Segments in this Video

Progress in Black Visibility and Success (07:17)


Reverend Jesse Jackson's success in the presidential race showed that a black person could become a major leader. By being herself and talking about common personal issues on TV, Oprah Winfrey broke a racial boundary and connected to white and black audiences. Donna Brazile argues that increasing positive images of black people has led to a changing mentality about race.

Black Enterprise and Economic Racism (07:43)

In the 1980s, the market seemed open to black investment, and Robert Johnson explains that his success in creating Black Entertainment Television proved that investing in black talent was worthwhile. Cornel West argues that this was a small part of black America, and many were suffering from Reagan cutbacks and unemployment. Ronald Day experienced entrenched poverty in the South Bronx, where the only path to success he saw was in dealing drugs.

Racism of the War on Drugs (08:07)

Black communities affected by the violence of the drug trade advocated for policing and positive social programs, but their voices were overshadowed by sensational media associating crack and crime with black people. The government initiated a campaign against the drug trade which criminalized black men and subjected them to disproportionately harsher punishment than white people. Black people responded to the brutality and injustice with hip-hop that addressed the political and economic issues.

Controversy of Gangster Rap (04:09)

Some hip-hop presented a misogynist, violent world which reinforced black stereotypes; many black people denounced it. James Peterson argues that this kind of music sold well because there is an economy based on the criminalization of black men. In the 1990s, inner-city poverty worsened as a debate arose about the role of government in poverty alleviation.

Political Debate and Black Conservatism (07:32)

In 1991, Thurgood Marshall retired from the Supreme Court, and the president nominated Clarence Thomas to be Justice. His position against welfare and social programs antagonized many black people and organizations. When Anita Hill accused him of sexual assault, a debate arose about his integrity, but he asserted his male privilege and was confirmed.

Police Brutality and Racial Divide (05:50)

As the government showed less support for affirmative action and social welfare, it implied that social problems were a result of individual choice and behavior. The police beating of Rodney King in 1991 publicly exposed systematic racism. When the court acquitted the perpetrators, riots broke out in Los Angeles; varying views of the destruction conveyed the difference between black and white realities.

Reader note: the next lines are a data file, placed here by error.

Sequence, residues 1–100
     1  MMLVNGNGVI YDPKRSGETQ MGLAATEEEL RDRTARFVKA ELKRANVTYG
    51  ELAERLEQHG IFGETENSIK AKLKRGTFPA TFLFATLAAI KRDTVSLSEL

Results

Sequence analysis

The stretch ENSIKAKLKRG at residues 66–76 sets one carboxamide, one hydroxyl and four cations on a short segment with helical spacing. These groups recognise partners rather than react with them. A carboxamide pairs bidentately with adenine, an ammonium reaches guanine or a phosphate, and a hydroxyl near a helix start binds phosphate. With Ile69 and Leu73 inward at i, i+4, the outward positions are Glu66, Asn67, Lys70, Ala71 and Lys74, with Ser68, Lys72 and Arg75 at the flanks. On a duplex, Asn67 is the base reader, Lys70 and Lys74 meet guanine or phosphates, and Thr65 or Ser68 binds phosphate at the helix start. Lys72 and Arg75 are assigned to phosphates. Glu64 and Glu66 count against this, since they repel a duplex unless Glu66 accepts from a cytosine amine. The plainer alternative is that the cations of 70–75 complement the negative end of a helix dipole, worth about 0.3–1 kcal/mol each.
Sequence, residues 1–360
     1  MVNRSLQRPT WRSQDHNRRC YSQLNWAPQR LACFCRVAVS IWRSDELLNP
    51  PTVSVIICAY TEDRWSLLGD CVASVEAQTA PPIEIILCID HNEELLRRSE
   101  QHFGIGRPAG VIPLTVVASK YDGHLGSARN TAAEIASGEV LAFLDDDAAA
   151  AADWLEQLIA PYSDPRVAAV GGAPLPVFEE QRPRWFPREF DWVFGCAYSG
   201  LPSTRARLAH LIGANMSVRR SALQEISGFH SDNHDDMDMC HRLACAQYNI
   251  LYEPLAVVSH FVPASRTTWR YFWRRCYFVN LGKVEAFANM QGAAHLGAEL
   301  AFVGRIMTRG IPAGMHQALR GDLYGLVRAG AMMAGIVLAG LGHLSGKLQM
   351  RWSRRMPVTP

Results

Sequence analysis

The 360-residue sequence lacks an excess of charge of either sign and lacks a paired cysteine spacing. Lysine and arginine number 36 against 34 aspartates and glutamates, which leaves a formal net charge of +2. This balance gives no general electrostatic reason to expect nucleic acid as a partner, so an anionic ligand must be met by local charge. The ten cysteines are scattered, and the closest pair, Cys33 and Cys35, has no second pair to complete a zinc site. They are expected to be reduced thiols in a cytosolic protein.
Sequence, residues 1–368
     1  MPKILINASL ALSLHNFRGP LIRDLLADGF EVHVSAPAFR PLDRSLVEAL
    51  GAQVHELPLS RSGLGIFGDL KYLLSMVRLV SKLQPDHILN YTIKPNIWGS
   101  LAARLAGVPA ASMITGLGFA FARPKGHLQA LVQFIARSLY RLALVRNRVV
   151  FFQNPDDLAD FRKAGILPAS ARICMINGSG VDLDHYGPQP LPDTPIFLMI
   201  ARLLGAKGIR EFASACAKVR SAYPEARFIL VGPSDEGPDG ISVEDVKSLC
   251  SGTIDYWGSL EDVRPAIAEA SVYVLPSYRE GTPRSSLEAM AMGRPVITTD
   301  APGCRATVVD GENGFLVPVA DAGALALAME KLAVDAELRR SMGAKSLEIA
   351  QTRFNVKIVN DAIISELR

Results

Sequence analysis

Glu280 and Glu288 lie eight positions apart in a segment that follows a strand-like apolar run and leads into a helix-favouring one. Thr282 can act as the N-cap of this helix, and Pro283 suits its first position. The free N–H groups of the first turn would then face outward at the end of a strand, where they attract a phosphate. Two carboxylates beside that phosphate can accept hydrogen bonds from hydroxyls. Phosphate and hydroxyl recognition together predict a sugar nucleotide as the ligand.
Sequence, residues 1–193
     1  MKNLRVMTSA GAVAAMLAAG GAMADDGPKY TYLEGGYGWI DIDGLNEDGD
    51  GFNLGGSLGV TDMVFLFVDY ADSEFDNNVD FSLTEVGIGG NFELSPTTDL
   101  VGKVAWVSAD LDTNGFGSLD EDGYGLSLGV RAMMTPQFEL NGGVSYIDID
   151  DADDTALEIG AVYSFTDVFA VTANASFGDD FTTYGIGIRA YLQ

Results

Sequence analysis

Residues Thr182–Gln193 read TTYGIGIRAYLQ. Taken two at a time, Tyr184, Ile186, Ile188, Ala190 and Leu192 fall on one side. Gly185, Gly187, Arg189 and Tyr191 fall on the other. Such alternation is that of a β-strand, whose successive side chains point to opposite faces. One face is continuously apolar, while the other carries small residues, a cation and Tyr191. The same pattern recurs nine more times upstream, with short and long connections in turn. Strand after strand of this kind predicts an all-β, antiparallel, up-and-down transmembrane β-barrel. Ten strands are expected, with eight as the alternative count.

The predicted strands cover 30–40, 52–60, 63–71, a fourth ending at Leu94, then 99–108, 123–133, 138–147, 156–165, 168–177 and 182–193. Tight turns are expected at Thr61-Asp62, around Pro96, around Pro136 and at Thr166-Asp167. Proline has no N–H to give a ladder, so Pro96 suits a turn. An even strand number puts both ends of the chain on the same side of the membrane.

OJ Simpson Trial (04:27)

The arrest and subsequent trial of OJ Simpson for murder led to a major test of the American criminal justice system. Detective Mark Fuhrman was accused of planting evidence and many black people believed Simpson was framed and there was no possibility of a fair trial. When he was found not guilty, the racially divided response reflected a larger difference in perception in the country.

Cultural and Economic Effects of Clinton Era (05:34)

When elected, Bill Clinton appointed many black people to high positions, and supported black culture and the black middle class. He had no solution for poor black communities and perpetuated the ideology that people are responsible for their economic condition. Clinton signed crime legislation that funded more police and prisons, leading to an exponential increase in incarcerated black men.

Million Man March (04:41)

In 1995, black men marched on the National Mall to heal misrepresentations of black men and show unity, dignity, and commitment to family and community. Speeches shared themes of atonement and personal responsibility rather than focusing on systemic racism.

Credits: Keep Your Head Up (Part 3) (01:16)

Credits: Keep Your Head Up (Part 3)

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Keep Your Head Up (Part 3)

Part of the Series : Black America Since MLK: And Still I Rise
3-Year Streaming Price: $169.95



The third hour reveals profound fissures within the country—and within black America—that deepened through the 1980s and ‘90s, just as African Americans were becoming more visible than ever.

Length: 57 minutes

Item#: BVL151182

Copyright date: ©2016

Closed Captioned

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